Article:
A Japanese judge is set to become an International Criminal Court (ICC) judge this March upon her arrival in The Hague, in The Netherlands.
Tomoko Akane, 61, was selected as one of six new ICC judges following an election held in New York in December 2017, which included candidates from 12 different countries. Akane was chosen by garnering the largest number of votes partly due to her extensive prosecuting experience, which exceeds 30 years.
Reflecting on her impressive career, there is one case in particular that Akane will never forget. It was a murder trial that she handled as head of the Sapporo District Public Prosecutors Office's court proceeding division about 20 years ago, just before the statute of limitations was due to run out.
The trial made use of DNA testing, which was much less common at the time, but the final verdict was "not guilty." Akane was disappointed with the outcome, and although the victim's relatives expressed their appreciation, she found out the hard way about the importance of persistently hunting for the truth. "There are limits to the criminal justice system, but one must try one's best when trying to reach a verdict," the legal veteran says.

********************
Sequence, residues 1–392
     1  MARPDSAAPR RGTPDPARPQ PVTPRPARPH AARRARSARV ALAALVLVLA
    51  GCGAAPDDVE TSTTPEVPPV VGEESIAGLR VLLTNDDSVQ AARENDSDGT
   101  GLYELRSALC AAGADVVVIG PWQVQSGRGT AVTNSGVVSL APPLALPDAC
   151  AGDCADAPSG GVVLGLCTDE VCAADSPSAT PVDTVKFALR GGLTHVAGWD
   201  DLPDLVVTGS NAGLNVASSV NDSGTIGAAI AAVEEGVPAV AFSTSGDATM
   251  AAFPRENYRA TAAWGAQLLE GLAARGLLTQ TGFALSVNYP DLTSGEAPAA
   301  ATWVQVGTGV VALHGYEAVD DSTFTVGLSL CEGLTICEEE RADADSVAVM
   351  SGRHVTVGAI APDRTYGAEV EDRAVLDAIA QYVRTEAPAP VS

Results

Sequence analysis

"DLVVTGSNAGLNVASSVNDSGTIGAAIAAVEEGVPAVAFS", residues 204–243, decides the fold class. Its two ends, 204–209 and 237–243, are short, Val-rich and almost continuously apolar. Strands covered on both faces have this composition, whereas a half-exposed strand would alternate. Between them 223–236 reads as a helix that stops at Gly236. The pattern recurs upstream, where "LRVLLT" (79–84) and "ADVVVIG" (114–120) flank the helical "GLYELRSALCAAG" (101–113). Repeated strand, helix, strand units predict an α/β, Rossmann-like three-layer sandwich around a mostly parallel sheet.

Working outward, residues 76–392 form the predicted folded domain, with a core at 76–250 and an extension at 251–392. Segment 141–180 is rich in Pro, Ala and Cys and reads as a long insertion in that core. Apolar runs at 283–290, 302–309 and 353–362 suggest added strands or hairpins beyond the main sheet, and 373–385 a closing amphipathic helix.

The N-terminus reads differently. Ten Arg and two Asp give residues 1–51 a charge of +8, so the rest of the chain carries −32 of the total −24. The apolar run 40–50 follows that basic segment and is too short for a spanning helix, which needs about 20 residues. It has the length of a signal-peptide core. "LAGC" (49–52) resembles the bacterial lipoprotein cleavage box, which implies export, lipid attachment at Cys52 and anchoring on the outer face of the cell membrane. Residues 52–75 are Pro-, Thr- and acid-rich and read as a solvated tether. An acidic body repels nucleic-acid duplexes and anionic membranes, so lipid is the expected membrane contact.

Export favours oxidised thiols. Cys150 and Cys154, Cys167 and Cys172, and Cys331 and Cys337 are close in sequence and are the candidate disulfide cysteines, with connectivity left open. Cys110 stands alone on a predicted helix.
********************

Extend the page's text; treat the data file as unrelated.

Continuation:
Akane's impressive resume includes a roughly seven-year spell at the United Nations Asia and Far East Institute for the Prevention of Crime and the Treatment of Offenders in Tokyo, which provides international training relating to the treatment of criminals, that is jointly overseen by the Ministry of Justice and the United Nations.
There, she was chief of the institute and also worked in an educational role. She also got involved in international training relating to the treatment of female criminals. "In addition to punishment, it is also important to think how we can stop criminals from reoffending. I learned the importance of this," Akane reveals.
The ICC is a court that prosecutes and punishes individuals who have either committed war crimes or crimes against humanity. It has 123 member countries. However, countries such as the U.S., Russia and China have not joined, out of fear that the court could try citizens from their own countries.
"The ICC is an organization that needs to grow further. By steadily achieving a series of good results, I want to gain the trust of the international community," Akane says in a softly spoken but determined voice.